Dr. Benoit Mandelbrot, Battelle Fellow at Pacific Northwest National Laboratory, is an internationally acknowledged and recognized mathematician. Dr. Mandelbrot originated the field of fractal geometry, and showed how fractals occur in many diverse places, both in nature and mathematics. He published The Fractal Geometry of Nature in 1982, recognized by The American Scientist as one of the most influential science books of the 20th Century.
Dr. Mandelbrot has authored more than 180 research publications and nearly a dozen books. He has been cited more than 20,000 times for his journal publications and conferences. He has received many awards, honors, and prizes for his remarkable achievements, including the Wolf Foundation Prize for Physics, the Japan Prize for Science and Technology, the Richardson Medal in Geophysics, and the Sierpinksi Prize in Mathematics. In the Legion d’Honneur of France, Dr. Mandelbrot became a Knight in 1990 and an Officer in 2006.
April 10, 2006
Dr. Katie Klinger, Faculty Associate, George Lucas Educational Foundation, and Primary Designer, National University Virtual High School, 4/5/06
Dr. Katie Klinger has over 25 years experience in teaching students of all ages how to use computer technology effectively in their lives and in their classrooms. She actively presents at international conferences and publishes on how to integrate technology into K-12 learning environments for faculty and pre-service teachers.
Dr. Klinger was the Project Director of a Microsoft Virtual Classroom Tours grant, for which she was presented one of only three nationwide 2003 Innovative Teachers Outstanding Achievement Awards. Recently she was honored with the status of Faculty Associate for the George Lucas Educational Foundation. In addition, she has served as the Principal Investigator on a $1.2 million PT3 DOE grant and as Project Director for a Gates Foundation Grant.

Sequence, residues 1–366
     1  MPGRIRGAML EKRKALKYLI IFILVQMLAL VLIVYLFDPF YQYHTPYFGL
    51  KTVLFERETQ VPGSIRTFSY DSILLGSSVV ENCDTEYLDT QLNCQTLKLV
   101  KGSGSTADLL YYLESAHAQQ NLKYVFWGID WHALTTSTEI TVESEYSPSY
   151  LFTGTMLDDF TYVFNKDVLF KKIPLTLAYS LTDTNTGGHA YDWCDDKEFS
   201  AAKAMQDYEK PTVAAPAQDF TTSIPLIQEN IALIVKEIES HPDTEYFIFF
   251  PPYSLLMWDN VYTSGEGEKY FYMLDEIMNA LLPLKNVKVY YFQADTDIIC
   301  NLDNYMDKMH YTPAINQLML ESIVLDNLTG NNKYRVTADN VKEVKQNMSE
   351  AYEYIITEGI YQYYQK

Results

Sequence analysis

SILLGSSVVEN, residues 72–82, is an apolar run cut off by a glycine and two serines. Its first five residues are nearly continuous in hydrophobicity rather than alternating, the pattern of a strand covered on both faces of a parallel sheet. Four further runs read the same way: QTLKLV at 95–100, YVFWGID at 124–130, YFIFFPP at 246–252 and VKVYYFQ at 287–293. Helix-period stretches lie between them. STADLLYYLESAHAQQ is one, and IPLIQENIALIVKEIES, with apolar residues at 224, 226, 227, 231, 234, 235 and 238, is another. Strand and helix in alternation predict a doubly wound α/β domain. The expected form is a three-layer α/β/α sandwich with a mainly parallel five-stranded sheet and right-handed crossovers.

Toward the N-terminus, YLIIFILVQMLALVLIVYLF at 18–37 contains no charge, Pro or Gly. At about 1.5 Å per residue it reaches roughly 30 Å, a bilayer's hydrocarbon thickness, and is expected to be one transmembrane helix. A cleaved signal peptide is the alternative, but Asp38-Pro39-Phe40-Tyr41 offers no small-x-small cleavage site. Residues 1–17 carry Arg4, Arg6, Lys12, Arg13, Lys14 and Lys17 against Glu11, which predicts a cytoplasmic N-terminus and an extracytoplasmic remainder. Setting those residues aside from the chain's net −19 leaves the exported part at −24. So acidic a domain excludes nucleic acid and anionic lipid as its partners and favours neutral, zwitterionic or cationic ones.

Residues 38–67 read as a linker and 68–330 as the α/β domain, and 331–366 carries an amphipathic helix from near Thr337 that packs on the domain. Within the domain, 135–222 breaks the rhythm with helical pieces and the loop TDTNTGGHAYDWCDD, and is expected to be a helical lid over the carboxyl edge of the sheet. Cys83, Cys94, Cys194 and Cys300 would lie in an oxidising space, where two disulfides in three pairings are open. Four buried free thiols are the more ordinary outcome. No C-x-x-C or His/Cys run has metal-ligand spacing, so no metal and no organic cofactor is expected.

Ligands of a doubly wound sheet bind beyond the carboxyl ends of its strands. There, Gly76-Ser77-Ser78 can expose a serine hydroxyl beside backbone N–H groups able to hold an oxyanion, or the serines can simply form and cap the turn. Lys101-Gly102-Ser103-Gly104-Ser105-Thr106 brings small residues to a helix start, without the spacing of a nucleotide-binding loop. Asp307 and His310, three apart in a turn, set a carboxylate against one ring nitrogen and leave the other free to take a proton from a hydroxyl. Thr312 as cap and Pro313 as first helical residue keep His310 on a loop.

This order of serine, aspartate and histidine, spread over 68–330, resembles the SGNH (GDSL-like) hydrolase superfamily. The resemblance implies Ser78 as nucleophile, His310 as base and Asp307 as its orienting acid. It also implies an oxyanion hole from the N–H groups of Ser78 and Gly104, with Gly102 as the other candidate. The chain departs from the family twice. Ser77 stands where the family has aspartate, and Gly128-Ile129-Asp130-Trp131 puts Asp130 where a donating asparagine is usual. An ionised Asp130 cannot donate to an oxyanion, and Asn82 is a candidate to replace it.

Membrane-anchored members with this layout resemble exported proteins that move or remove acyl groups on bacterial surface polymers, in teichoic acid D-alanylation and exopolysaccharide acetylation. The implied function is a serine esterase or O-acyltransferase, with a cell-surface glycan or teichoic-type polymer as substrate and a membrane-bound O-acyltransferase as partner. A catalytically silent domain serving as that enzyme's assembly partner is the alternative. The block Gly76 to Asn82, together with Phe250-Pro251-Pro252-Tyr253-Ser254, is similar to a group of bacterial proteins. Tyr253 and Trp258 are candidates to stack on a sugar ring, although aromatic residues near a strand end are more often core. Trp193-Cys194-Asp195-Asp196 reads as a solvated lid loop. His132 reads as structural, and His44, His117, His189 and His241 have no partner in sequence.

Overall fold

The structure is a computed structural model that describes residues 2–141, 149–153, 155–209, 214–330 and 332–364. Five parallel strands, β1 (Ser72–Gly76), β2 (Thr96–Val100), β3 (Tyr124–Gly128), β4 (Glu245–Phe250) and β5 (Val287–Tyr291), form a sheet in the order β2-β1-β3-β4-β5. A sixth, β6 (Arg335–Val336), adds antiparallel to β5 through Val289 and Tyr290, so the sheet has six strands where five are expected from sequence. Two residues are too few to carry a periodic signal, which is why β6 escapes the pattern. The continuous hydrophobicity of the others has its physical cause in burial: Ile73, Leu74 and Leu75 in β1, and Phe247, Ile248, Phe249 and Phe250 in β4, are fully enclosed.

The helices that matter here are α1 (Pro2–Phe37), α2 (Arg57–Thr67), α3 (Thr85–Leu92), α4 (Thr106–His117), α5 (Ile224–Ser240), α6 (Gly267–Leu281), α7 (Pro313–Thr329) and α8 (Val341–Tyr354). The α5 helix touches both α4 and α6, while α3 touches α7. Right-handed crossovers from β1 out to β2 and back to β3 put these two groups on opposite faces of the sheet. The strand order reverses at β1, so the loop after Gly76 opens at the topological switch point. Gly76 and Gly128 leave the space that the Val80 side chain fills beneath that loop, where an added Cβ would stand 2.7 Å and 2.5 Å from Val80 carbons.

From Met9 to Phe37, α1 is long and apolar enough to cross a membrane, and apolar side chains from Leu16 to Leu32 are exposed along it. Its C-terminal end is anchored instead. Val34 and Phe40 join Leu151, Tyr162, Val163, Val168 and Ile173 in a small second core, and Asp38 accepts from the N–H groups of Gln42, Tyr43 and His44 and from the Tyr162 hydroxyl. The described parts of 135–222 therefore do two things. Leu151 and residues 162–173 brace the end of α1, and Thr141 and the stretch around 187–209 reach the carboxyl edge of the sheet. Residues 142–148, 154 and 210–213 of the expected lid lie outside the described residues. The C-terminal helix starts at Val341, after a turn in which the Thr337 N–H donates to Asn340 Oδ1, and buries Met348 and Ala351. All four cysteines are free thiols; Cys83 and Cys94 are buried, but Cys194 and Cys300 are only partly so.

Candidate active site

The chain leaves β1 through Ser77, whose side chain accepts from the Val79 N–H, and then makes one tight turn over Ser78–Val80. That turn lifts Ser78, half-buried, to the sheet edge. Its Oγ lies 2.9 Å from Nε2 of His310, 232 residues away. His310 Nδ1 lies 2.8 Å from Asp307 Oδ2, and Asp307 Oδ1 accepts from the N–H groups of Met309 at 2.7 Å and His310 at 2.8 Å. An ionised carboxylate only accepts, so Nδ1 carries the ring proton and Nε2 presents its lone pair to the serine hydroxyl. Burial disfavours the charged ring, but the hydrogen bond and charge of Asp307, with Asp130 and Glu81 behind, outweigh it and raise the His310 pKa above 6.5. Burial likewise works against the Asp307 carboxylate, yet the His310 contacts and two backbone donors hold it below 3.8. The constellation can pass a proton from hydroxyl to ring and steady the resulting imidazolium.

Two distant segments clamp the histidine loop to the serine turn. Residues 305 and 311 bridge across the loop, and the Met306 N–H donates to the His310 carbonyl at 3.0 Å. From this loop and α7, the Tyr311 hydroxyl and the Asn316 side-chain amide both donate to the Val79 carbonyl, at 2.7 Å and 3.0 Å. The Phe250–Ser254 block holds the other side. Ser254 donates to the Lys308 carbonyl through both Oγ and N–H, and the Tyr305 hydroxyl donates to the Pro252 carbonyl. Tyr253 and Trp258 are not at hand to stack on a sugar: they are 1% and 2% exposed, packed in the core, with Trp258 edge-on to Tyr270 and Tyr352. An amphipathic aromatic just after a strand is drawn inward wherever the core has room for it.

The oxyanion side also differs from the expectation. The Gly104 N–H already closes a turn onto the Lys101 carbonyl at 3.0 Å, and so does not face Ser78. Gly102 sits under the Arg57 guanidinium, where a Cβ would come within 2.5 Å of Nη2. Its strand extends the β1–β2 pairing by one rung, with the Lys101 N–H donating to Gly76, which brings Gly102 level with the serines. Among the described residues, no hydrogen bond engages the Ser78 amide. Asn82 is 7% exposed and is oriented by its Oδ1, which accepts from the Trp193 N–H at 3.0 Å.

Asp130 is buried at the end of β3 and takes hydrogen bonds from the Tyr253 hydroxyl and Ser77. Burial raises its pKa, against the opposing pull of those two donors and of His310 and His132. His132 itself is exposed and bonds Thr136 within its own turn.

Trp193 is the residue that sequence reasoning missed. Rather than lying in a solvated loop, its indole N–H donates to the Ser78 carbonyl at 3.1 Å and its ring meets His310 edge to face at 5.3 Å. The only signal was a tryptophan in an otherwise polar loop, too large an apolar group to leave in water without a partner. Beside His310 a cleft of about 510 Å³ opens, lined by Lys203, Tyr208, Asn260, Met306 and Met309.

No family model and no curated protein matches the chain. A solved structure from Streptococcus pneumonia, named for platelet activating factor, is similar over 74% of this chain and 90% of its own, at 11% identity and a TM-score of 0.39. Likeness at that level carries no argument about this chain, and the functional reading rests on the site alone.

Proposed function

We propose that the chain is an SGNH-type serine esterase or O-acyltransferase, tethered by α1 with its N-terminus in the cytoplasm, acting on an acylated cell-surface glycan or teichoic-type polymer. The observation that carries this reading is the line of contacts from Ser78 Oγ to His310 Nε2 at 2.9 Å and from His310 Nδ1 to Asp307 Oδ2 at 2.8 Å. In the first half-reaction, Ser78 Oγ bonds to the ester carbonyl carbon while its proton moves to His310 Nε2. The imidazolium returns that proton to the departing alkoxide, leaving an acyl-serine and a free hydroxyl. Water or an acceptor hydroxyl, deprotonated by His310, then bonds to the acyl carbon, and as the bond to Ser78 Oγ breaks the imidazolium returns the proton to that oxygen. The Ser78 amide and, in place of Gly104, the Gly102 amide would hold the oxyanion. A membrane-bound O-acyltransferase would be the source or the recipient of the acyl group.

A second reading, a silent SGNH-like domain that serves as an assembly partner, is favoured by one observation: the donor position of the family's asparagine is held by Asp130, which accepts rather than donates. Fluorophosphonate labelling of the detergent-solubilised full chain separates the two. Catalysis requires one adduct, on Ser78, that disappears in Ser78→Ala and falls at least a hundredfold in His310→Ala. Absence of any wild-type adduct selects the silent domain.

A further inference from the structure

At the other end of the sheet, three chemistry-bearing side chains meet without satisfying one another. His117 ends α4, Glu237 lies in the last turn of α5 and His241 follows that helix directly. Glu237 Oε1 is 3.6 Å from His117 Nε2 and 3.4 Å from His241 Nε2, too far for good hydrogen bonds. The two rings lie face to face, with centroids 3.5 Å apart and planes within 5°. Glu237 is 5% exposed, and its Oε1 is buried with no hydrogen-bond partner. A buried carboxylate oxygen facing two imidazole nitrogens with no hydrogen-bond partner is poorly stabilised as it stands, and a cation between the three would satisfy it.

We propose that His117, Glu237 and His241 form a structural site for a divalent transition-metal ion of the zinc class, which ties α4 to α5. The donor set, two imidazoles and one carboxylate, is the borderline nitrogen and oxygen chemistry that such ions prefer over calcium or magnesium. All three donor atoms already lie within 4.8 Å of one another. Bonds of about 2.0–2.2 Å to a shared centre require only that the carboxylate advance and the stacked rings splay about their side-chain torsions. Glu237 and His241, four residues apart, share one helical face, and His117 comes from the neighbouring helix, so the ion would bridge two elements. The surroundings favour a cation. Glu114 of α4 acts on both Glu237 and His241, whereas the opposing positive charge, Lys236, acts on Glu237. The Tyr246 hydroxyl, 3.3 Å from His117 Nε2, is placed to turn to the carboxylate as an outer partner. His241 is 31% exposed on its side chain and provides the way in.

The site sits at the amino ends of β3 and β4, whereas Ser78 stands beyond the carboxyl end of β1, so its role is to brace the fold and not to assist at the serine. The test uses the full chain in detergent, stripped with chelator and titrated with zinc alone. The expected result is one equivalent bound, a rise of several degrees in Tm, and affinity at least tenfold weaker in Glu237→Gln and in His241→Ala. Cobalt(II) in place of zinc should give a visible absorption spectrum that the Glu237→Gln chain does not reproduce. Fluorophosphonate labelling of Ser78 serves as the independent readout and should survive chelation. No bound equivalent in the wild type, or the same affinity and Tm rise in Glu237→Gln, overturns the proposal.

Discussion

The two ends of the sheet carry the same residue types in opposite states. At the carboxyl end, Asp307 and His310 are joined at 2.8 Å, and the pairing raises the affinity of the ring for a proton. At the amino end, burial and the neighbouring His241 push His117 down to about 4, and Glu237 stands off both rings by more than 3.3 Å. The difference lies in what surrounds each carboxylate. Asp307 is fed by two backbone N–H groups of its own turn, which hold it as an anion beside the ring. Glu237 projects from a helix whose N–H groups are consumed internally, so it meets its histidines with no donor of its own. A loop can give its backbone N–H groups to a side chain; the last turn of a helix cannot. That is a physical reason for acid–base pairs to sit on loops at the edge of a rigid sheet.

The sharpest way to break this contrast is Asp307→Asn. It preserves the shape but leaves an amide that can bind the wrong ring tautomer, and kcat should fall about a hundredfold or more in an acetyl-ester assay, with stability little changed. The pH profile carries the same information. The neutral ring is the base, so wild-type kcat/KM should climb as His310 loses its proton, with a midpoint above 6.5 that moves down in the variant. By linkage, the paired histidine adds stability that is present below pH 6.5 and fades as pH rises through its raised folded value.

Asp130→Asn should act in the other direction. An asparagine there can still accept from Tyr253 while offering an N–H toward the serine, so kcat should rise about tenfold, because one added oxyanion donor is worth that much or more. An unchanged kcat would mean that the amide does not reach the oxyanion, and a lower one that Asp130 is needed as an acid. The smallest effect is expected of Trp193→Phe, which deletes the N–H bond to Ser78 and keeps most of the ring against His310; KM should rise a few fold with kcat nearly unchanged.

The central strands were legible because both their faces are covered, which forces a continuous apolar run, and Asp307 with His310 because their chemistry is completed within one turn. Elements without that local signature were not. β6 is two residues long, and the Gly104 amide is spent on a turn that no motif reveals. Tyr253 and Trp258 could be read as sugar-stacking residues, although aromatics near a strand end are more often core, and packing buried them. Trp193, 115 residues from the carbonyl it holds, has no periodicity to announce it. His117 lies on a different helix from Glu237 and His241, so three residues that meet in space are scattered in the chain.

Dr. Klinger discusses sex-based differences in disease processes, particularly related to obesity, heart disease, and diabetes, highlighting the work of Dr. Carole Banka at the La Jolla Institute for Molecular Medicine.
Dr. Klinger also discusses the Waimea Middle School, a NASA Explorer School, located in Kamuela, HI. Waimea recently won the State Award for their Robotics Team.
April 06, 2006
Dr. Lisa Randall, Professor of Theoretical Physics, Harvard University, 4/5/06
Professor Lisa Randall's new book, Warped Passages: Unraveling the Mysteries of the Universe's Hidden Dimensions, was recently published by Ecco, an imprint of HarperCollins. Warped Passages was included in The New York Times list of 100 notable books of 2005.
Professor Randall’s research concerns the fundamental nature of particles and forces and how matter's basic elements relate to the physical properties of the world that we see. She has worked on a wide variety of ideas for what might lie beyond established particle physics and cosmological theories, including grand unified theories, supersymmetry, cosmological inflation, string theory, and most recently, extra dimensions of space.
Professor Randall has made seminal contributions in all these areas, and as of Fall 2005 was the most cited theoretical physicist of the past five years. is a member of the American Academy of Arts and Sciences and a fellow of the American Physical Society. Professor Randall is a past winner of an Alfred P. Sloan Foundation Research Fellowship, a National Science Foundation Young Investigator Award, a DOE Outstanding Junior Investigator Award, and the Westinghouse (now Intel) Science Talent Search.
Professor Randall discusses how gravity is connected to the geometry of spacetime, potential solutions to the hierarchy problem utilizing a Gravitybrane model, the possibility of infinite extra dimensions, and possible outcomes of future experiments at the Large Hadron Collider (coming online at CERN in 2007).